Weird, Malformed Steel Shotshells: The Reinvention of the Spreader Load


A well-known and completely settled matter is that perfectly spherical shot is the best performing shot. The Shot Tower in Taroona was built in 1870 by Joseph Moir; it still stands today. For four years it was the tallest building in Australia and Tasmania's tallest structure for over a century. Sorting, grading shot, adding antimony and arsenic was common practice over 140 years ago: everyone knew that round shot was the best shot.

Apparently, we will buy most anything stuffed into a shotshell, regardless of what really works. Non-spherical, deformed shot, well-known as defective and undesirable, is now sold as an “advantage” and a premium is charged for it. It is hard to believe. One of the few good things about steel is its form factor and its ability to retain sphericity after firing. There is only one reason to screw that up, that being if you want a spreader load.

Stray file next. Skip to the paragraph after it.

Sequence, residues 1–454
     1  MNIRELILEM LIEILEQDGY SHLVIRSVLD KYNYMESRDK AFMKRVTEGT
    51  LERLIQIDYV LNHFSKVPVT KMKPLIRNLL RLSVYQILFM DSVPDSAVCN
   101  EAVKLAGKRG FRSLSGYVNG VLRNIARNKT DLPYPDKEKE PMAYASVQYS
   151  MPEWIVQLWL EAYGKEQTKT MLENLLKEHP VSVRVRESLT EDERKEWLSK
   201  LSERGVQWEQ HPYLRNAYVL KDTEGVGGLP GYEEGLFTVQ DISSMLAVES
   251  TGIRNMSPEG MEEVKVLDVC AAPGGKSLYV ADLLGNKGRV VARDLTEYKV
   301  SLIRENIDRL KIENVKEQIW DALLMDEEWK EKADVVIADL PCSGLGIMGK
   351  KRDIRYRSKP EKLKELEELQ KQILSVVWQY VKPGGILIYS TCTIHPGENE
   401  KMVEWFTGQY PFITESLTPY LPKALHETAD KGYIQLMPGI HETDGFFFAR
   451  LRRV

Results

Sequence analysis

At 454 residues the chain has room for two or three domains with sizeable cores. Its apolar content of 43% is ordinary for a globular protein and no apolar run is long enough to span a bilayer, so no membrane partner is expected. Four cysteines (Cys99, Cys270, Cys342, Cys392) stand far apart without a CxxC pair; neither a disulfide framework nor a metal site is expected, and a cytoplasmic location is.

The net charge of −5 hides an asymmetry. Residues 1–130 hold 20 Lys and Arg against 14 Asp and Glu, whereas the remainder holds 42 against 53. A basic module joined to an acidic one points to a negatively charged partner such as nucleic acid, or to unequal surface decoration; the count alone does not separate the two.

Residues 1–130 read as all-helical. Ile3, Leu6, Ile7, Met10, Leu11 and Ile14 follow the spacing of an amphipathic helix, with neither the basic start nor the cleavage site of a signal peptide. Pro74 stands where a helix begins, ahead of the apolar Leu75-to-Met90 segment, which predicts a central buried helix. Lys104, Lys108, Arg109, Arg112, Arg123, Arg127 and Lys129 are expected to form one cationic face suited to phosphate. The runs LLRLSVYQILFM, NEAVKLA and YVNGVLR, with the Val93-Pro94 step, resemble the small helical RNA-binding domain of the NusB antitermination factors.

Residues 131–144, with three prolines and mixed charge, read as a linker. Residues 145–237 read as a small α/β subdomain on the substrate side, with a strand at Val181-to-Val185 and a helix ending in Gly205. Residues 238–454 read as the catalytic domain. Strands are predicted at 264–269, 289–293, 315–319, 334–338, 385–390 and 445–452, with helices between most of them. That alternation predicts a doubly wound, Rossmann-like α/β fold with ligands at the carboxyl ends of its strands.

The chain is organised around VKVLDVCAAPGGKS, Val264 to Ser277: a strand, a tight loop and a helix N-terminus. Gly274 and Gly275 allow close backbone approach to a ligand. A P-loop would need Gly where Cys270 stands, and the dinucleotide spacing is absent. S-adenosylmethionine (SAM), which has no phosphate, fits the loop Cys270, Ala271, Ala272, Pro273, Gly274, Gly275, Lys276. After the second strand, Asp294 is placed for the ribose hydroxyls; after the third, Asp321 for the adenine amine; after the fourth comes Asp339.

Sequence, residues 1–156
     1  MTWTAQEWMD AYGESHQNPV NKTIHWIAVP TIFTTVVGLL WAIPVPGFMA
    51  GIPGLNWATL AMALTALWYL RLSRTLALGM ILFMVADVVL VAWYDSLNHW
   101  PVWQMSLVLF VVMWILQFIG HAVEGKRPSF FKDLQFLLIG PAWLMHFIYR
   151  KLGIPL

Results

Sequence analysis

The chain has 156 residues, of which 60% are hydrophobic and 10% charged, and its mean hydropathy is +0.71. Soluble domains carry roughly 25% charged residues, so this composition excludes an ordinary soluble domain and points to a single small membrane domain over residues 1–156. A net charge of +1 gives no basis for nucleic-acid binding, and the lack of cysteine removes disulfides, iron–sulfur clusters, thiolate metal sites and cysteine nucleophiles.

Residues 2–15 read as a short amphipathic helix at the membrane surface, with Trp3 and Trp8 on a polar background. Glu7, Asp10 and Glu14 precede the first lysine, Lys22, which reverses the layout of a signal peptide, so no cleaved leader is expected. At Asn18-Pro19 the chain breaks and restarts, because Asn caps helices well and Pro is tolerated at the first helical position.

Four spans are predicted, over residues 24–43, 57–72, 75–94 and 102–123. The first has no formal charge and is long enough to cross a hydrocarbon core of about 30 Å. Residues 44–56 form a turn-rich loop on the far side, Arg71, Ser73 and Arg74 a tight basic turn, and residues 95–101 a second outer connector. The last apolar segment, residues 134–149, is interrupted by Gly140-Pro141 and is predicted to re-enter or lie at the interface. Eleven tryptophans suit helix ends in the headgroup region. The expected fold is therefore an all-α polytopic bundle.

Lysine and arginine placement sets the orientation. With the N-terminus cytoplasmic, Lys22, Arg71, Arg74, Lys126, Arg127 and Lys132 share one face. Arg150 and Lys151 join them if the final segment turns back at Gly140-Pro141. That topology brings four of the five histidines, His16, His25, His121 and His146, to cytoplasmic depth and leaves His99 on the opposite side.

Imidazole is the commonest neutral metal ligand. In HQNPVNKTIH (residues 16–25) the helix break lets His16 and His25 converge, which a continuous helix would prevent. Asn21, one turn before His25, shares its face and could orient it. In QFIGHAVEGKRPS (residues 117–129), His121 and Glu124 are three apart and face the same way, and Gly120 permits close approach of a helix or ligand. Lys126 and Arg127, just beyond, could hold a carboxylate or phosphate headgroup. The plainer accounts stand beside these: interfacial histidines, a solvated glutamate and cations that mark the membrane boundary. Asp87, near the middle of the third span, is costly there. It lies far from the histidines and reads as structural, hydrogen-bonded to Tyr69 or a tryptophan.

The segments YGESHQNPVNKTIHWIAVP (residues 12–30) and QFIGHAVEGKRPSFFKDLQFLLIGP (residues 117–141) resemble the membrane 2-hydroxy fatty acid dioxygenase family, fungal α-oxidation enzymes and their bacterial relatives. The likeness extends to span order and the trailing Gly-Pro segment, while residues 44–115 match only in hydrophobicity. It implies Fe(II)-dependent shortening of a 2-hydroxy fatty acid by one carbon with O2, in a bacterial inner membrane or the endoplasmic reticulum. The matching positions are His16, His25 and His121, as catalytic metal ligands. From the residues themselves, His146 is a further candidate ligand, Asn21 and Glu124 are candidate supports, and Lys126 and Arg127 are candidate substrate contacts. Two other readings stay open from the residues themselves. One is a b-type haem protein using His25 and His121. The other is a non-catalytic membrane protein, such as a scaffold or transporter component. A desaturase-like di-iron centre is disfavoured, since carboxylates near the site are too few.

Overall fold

One company does that, and actually calls it what it is. That company is Rottweil and the product is the “Rottweil Steel Game Disperseur.” It is considered useful at up to 20 meters (21.87 yards) for “Snipe, Common snipe, and Partridge.” This is American skeet maximum distances.

We didn't get the memo in the United States, however, as deformed shot is somehow sold as being a good thing at waterfowl hunting ranges. It is odd to seek poor flying, poor patterning, aerodynamically embarrassing shotshells. It is odder still that we would actually buy them, bewildering that we would actually pay a premium for them. The truth really can be stranger than fiction, though, and this is one of those times.



Copyright 2012 by Randy Wakeman. All Rights Reserved.




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